Saturday, September 3, 2011

Radio Station Playlist Data Visualization, Part 2

As soon as I did my visualization of 99.7's music selection for a week, I asked the obvious next question: How does 99.7 compare to other "adult contemporary" radio stations?

There's an interactive version that lets you drill down into the graph, but here's a screenshot.

People listen to radio stations for all sorts of reasons, of course, so I don't know that anyone actually cares about this. But it did give me a chance to look at Protovis and compare it to Processing as I learn about data visualization toolkits.

Gathering Data
When I gathered data for my first visualization, I wrote a simple script that grabbed songs from the 99.7 website. I set that up as a cron job on an EC2 instance and let it go.

I did the same thing for the other four radio stations I decided to look at. 97.3 uses the same website tech as 99.7, and KFOG and KBAY share a different website tech, so those got me two stations for the price of one. 101.3 uses yet another system. Once I had my scripts running, I just had to wait until I had the same week's worth of data from all stations. A bit of cleanup on the data, a quick change to JSON from comma-separated values, and I was ready to go.

I decided to use the concept of small multiples to provide a quick comparison between stations, but then showing an enlarged version for deeper exploration. Each small graph in the chart represents one station across the same span of time.

Protovis Vs. Processing
It took me some time to learn Protovis. I feel that only now, after finishing one visualization, do I really have a grasp on how it works. It seeks to be a declarative language, which means that you define the result and let the under-the-hood bits figure out how to get you there, but I found myself struggling against the lack of control.

Processing gives you that control. You have vast amounts of control, but that's because it starts you with a blank slate. You can probably do anything you want, but the flip side is that you have to do everything you want.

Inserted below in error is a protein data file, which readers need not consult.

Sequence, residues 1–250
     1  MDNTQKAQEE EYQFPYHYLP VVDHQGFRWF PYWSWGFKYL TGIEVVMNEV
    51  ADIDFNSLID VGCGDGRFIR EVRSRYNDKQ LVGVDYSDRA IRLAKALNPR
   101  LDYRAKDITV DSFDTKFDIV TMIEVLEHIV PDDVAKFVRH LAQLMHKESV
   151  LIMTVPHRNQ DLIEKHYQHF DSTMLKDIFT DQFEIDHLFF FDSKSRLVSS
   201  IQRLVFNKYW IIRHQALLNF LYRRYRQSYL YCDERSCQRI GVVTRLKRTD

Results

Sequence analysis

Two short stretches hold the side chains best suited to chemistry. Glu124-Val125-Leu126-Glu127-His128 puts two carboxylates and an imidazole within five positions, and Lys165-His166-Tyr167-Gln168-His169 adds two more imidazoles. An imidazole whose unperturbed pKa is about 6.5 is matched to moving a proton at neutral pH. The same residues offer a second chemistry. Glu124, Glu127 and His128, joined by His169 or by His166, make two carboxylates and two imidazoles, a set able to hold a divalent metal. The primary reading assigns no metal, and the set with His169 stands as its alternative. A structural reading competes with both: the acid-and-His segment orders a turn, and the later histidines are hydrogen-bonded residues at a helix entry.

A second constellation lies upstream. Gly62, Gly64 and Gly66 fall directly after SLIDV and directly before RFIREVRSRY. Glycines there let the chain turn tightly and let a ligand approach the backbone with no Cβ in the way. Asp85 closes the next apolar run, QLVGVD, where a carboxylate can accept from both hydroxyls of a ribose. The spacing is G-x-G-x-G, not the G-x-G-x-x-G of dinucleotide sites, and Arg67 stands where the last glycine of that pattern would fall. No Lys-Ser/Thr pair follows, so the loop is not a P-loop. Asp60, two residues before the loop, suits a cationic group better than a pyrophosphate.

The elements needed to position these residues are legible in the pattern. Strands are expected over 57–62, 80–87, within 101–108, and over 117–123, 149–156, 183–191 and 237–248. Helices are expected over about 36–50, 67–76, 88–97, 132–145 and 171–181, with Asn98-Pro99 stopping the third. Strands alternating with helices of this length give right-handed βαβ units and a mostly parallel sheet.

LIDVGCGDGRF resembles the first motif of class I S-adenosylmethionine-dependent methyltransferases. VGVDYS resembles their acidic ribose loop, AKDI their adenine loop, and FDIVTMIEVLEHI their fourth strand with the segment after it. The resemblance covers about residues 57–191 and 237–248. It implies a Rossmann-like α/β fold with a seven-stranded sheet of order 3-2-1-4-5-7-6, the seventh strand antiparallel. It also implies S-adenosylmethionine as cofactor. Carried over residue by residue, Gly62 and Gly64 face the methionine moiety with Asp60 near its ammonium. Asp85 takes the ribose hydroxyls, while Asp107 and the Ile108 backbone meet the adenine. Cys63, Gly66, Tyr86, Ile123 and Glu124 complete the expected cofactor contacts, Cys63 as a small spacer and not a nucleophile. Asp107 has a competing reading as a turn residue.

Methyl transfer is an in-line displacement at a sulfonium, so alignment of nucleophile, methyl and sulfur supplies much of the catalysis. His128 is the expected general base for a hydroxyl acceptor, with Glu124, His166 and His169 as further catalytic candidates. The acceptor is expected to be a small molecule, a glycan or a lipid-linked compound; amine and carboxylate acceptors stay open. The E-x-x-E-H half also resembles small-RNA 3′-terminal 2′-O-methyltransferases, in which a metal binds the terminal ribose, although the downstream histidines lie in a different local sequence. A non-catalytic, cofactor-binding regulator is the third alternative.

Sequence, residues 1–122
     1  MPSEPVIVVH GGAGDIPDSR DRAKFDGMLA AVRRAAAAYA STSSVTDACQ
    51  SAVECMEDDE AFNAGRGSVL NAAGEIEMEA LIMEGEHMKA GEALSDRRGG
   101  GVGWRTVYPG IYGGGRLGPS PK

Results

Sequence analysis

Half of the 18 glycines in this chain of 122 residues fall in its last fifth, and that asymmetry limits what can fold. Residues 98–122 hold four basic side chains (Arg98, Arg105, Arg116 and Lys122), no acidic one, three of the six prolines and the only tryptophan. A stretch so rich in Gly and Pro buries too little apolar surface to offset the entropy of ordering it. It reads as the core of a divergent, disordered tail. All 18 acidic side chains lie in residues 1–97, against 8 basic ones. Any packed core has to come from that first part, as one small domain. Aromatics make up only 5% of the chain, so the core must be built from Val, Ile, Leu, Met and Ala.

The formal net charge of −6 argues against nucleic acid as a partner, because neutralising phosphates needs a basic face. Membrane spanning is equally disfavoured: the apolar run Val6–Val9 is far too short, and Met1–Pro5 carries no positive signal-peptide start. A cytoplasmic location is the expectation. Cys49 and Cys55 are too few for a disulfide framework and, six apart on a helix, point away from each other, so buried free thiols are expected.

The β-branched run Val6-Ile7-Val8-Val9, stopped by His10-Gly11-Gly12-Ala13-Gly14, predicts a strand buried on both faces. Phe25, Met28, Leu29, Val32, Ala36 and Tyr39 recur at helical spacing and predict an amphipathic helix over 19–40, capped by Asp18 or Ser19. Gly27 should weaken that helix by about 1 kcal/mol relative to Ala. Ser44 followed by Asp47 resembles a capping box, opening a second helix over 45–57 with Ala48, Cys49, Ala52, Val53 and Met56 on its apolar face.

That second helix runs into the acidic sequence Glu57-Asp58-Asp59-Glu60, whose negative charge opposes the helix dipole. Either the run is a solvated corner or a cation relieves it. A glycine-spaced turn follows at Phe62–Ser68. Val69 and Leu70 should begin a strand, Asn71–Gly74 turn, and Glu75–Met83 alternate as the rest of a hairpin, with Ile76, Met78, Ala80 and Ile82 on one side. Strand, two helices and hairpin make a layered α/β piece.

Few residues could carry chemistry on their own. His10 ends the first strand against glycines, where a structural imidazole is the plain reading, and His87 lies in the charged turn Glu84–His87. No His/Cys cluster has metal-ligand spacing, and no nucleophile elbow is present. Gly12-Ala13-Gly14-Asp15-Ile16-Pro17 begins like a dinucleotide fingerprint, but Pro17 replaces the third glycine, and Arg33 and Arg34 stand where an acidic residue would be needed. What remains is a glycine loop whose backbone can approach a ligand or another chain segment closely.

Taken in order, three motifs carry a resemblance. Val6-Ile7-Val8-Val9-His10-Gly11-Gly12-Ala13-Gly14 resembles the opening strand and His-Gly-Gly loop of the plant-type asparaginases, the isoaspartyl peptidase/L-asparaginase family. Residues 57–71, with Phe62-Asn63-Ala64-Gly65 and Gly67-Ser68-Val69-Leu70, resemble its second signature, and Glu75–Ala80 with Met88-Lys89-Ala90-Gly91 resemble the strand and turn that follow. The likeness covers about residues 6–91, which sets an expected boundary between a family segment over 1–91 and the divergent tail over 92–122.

But Processing comes with a strong disadvantage: It creates Java applets. Remember those? I barely do, and I was actually writing Java when that's all people did with it. An applet takes a long time to load in a world where website visitors are accustomed to instant gratification from your page. An applet also won't work on your iOS device. So my first visualization was completely unusable by iPad owners.

(Yes, there is Processing.js, but my attempts to use it only frustrated me. It didn't support Java generics, and even when I removed them from my code, it failed with cryptic errors that were impossible to debug.)

As with so many things, deciding on a visualization toolkit means figuring out what's best for your job. If you're doing something complex and custom, you'll probably want Processing. But for a lot of web-based visualizations, I think Protovis will give you what you need once you figure out how to use it. It can certainly do a lot in that space.

I have still more visualizations in mind for this same set of data, and I'm planning on starting with Protovis (or its successor, d3). The Java applet problems are too big.

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